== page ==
By Donella Meadows
–March 7, 1991–
The war in the Gulf is over but the story-telling is just beginning, and the story-telling is, in the long run, the most important part of the war. What we choose to tell ourselves now will shape our future as powerfully as past stories have shaped our present.
Stories informed the decisions that led to this war and told us how to fight it. We spoke of Munich and Vietnam — not of what actually happened there, but of their “lessons.” We used a strategy of desert encirclement taken from the story of the battle of El Alamein. The Arabs, with a much longer history, spoke of the Crusades, of Saladin, of Nasser. Saddam Hussein apparently tried to repeat the story of self-glorification he had told about the Iran-Iraq war.
In the preparation and waging of the next war, if we let another war happen, we will tell tales of this one. Sooner than that we will draw lessons that let us feel good or bad about ourselves, choose or bash political candidates, arm or disarm ourselves and others, and establish a world order, old or new.
Because so much of the future hangs on the stories we tell now, many are vying to be the ones to do the telling. Newspapers and TV talk shows are full of “the lessons of the war.” Everyone’s trying to do spin control on history.
As I listen to the “lessons” people want to learn from this war, I have stopped engaging on the level of “agree” and “disagree.” I am leaning back and observing the list of stories as a phenomenon in itself. They reveal more about our needs and hopes, our grievances with each other, and our uses of power, than they do about this or any other war. Each one points not so much back to the facts as forward to the actions it justifies for the future. For example, here’s a partial list:
- It doesn’t matter what a war costs the taxpayer, the environment, or the enemy; it will be popular as long as U.S. casualties are low.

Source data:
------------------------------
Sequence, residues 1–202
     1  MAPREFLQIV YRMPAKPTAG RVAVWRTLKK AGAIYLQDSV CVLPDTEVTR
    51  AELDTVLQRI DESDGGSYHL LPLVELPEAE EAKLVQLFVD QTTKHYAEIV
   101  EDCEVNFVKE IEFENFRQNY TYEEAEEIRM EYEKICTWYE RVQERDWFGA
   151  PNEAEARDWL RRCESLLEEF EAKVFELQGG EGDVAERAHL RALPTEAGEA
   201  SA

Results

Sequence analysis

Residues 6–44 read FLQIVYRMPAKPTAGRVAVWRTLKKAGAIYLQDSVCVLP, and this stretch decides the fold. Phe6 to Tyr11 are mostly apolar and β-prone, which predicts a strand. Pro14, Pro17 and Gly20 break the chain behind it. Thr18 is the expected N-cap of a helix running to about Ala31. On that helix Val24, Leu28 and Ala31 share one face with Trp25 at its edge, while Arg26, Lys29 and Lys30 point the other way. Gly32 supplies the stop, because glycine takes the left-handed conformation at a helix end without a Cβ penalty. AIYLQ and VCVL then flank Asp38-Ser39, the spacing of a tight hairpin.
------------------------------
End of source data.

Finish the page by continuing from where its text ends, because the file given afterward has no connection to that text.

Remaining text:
- War must be waged fast and all-out. Never engage in appeasement as at Munich, never ease into war bit-by-bit as in Vietnam, slam the enemy right away with all you’ve got.
- A dying empire really can forget about its problems for awhile, if it can win a stunning victory over an outclassed opponent.
- America is not a dying empire; we have only been in a period of unexplainable malaise, which the war has finally dispersed. We’re the world’s only superpower. It’s time to feel good about that.
- The American war machine, entranced by its technology and obsessed by overestimates of the strength of the enemy, can be counted upon to overprepare, overarm, and overkill.
- The American war machine is technically superb and humanly compassionate, finely tuned from the troops to the top brass. It stands ready to enforce justice on the world.
- Never elect a President who has to prove he’s not a wimp.
- Never try to negotiate with a dictator who has to prove he’s not a wimp.
- Never sell arms to a dictator, even if he’s momentarily on your side.
- The United Nations really can summon a worldwide force to sanction aggressors, restore grievances, and establish peace.
- The United Nations can work that way as long as the grievances to be restored are suffered by countries rich enough to bribe other countries.
- Even after the Cold War, it’s essential that we maintain our military budget and improve our weaponry.
- Even after the Cold War, the military-industrial complex will find a way to make it appear essential that we maintain our military budget and improve our weaponry.
- This war would never have happened if Kuwait’s main export had been broccoli. Or if the U.S. put half as much energy into strengthening Middle Eastern democracy as it did into preparing for war. Or if there hadn’t been so many weapons and armies piled up, just searching for a war.
- If this war hadn’t happened, Saddam Hussein would have gone marching down the Gulf taking possession of oil wells, he would have developed and used nuclear weapons, he would have brought the world’s democracies to their knees.
- If this war hadn’t happened, the U.S. would have had to create it, to have an excuse to move its military power onto the world’s last remaining large oil reserves.
These lessons are all somewhat truthful, much too simple, and arrogant. As if we knew. As if ANYONE knew what would have happened if an alternative scenario had been played out — if we had held back and let the Arabs handle Iraq; if we had maintained a commitment to defense only; if we had stayed with sanctions; if Saddam Hussein had employed his air force and poison gas; if either side had been serious about negotiating at any of the crucial negotiating points.
We can’t and won’t choose among the mutually contradictory lessons of this war on the basis of their truth. We will choose the ones that lead us to be the kind of nation we want to be — a belligerent superpower or a leader toward peace in the family of nations, a fighter for justice or a fighter for control over the world’s resources, or a nation that is honestly searching for ways to exert moral force without fighting.
Copyright Sustainability Institute 1991